Court upholds law limiting insanity defense
By James Vicini
WASHINGTON (Reuters) – A divided U.S. Supreme Court on
Thursday upheld an Arizona law that limits the use of the
insanity defense, an important issue in the country’s criminal
By a 6-3 vote, the high court dealt a defeat to a
schizophrenic teenager convicted of killing a police officer.
It rejected the argument by his lawyers that the law
unconstitutionally restricted the evidence they could introduce
at trial of his mental illness.
The justices also rejected his challenge to a provision of
the law that limits the defense from offering evidence of
mental disease to rebut the prosecutor’s evidence of intent to
commit the crime.
Justice David Souter concluded for the court majority that
the Constitution does not prohibit Arizona’s use of an insanity
test based solely on whether the defendant had the capacity to
tell whether an act charged as a crime was right or wrong.
Four states — Idaho, Kansas, Montana and Utah — have
abolished the insanity defense completely and a growing number
of states such as Arizona have severely limited its use.
Like many states, Arizona modified its insanity laws after
John Hinckley was found not guilty by reason of insanity in the
1981 shooting of President Ronald Reagan and three others
outside a Washington hotel.
The law limits the availability of the insanity defense
only to someone who at the time of the crime had such a severe
mental disease or defect that the person did not know the act
The ruling involved Eric Clark, who has been diagnosed with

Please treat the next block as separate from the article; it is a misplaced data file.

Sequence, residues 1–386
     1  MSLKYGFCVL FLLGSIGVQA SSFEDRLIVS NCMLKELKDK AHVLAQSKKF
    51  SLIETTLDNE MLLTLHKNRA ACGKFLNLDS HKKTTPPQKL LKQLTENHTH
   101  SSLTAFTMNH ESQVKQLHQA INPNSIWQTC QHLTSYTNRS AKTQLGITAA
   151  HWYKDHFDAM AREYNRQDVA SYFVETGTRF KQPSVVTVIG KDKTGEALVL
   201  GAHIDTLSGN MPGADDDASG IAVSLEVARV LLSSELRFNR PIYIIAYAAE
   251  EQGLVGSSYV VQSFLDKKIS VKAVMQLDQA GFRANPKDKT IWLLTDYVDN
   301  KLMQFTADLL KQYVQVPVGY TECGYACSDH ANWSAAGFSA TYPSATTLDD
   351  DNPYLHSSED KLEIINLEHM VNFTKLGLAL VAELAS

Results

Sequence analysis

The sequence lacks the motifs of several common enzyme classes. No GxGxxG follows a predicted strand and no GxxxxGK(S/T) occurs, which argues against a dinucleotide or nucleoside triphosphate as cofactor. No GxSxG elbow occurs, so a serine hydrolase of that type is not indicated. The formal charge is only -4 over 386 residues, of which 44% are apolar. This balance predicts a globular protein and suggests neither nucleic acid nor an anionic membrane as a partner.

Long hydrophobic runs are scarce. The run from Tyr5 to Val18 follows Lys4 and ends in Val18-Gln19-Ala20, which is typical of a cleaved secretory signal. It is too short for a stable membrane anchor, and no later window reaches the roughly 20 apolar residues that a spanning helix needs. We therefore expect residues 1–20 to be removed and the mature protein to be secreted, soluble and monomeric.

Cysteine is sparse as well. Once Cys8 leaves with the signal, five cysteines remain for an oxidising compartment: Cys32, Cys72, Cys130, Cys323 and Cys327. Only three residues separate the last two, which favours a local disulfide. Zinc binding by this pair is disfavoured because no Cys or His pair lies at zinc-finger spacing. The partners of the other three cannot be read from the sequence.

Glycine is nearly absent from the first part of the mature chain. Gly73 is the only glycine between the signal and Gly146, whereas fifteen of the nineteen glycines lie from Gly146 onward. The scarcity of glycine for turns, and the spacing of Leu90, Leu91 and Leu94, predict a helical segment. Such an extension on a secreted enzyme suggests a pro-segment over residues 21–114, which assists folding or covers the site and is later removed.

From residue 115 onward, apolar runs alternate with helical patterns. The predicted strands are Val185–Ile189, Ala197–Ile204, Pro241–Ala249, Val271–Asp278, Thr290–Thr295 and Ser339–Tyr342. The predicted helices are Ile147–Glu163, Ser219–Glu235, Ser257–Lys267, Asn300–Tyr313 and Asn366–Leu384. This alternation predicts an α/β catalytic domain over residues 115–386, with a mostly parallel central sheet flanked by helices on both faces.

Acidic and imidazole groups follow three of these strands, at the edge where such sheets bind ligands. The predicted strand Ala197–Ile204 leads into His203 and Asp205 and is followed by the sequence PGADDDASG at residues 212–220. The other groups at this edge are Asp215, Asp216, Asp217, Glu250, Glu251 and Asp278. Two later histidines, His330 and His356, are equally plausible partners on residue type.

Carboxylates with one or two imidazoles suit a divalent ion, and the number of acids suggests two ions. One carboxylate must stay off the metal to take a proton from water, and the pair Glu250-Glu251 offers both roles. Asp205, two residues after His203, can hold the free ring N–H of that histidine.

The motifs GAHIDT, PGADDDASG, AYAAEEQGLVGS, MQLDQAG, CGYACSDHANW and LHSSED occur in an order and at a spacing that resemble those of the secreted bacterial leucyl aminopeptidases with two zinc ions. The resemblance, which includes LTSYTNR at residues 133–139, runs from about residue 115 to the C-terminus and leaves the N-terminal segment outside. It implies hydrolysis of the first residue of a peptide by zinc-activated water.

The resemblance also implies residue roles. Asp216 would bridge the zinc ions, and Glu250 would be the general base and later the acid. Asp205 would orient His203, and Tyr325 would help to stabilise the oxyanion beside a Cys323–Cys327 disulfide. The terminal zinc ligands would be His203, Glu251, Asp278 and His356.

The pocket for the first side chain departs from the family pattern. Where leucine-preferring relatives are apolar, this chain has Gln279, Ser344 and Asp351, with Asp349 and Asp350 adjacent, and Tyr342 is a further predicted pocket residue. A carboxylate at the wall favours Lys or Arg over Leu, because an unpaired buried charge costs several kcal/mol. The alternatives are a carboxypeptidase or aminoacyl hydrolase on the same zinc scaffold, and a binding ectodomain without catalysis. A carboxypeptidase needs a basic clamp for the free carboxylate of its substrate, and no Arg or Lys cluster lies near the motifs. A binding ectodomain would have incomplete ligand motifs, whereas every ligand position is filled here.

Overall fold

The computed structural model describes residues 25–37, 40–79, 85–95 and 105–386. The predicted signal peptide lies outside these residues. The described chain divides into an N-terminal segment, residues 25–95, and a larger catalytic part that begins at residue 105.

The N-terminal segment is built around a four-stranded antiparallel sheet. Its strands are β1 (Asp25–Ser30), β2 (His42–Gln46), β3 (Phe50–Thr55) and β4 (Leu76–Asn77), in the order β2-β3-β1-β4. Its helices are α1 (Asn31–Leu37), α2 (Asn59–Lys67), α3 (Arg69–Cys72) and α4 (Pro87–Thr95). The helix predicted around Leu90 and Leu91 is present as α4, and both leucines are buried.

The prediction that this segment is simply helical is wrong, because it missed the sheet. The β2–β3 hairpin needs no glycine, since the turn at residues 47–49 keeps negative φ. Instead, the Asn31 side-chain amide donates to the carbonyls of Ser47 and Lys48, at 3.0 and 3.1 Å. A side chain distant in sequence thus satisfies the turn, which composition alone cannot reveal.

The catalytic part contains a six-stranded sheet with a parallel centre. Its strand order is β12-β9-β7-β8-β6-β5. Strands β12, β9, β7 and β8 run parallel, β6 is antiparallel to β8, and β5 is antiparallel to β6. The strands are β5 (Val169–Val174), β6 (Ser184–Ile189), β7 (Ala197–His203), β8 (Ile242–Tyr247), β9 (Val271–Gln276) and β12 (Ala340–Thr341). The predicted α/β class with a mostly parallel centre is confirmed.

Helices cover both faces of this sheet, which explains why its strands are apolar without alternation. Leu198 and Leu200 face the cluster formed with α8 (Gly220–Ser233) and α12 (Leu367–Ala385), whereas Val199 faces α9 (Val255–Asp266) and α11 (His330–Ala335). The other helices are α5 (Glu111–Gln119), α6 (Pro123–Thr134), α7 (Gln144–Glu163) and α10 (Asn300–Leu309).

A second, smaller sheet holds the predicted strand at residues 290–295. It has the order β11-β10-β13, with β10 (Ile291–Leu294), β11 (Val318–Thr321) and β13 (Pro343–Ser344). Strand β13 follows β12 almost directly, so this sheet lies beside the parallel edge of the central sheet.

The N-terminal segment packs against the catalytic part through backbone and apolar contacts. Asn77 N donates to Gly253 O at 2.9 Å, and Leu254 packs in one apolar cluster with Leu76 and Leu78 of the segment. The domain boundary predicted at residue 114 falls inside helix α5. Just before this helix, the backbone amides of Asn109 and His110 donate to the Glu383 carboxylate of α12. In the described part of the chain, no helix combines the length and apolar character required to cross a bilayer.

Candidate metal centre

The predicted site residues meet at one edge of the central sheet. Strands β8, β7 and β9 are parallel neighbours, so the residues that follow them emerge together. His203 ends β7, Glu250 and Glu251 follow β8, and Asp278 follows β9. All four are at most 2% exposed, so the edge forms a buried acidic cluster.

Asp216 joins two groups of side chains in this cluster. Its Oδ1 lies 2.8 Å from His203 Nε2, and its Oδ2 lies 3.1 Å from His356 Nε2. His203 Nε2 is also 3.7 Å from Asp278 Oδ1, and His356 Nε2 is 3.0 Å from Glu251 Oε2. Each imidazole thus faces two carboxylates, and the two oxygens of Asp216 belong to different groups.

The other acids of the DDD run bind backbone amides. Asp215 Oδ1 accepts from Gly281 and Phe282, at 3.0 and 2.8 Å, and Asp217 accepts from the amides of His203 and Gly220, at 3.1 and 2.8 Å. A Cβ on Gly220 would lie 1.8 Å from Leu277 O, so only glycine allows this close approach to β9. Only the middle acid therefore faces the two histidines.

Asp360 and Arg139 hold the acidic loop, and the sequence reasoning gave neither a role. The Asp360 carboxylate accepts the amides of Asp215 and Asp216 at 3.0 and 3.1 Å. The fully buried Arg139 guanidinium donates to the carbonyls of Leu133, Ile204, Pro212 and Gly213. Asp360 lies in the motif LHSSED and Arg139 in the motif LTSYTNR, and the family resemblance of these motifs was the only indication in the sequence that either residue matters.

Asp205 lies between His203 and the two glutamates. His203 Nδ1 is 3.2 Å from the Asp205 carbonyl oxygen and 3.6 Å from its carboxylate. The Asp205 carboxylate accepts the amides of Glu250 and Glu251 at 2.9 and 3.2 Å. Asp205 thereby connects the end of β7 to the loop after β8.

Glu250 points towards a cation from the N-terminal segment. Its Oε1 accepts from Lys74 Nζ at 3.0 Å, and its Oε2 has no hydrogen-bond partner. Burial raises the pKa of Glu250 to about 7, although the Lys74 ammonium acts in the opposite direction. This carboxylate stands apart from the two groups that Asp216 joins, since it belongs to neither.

paranoid schizophrenia. He was convicted for the fatal shooting
of a police officer on June 21, 2000, in Flagstaff, Arizona.
The shooting occurred after Clark, who was 17 at the time,
was stopped by the officer in response to complaints that Clark
was driving around a neighborhood in a pickup truck, blaring
loud music and disturbing residents.
Defense attorneys presented evidence that Clark at the time
of the killing believed the town had been taken over by space
aliens and that he was being held captive and tortured.
The trial court found Clark guilty of murder and held that
he failed to prove that he was insane at the time of the crime,
as required by Arizona law. He was sentenced to life in prison,
with eligibility for parole after serving 25 years.
Prosecutors at trial conceded that Clark suffered from
mental problems at the time of the crime but offered testimony
he understood right from wrong and therefore was not insane
under Arizona law.
Defense lawyers wanted to show at trial that Clark, as a
result of his mental illness, did not intentionally kill the
officer and thus was guilty of a less serious form of homicide.
Justices Anthony Kennedy, John Paul Stevens and Ruth Bader
The U.S. Justice Department and 16 states supported Arizona
in defending the law while Clark drew the support of various
mental health groups, including the American Psychiatric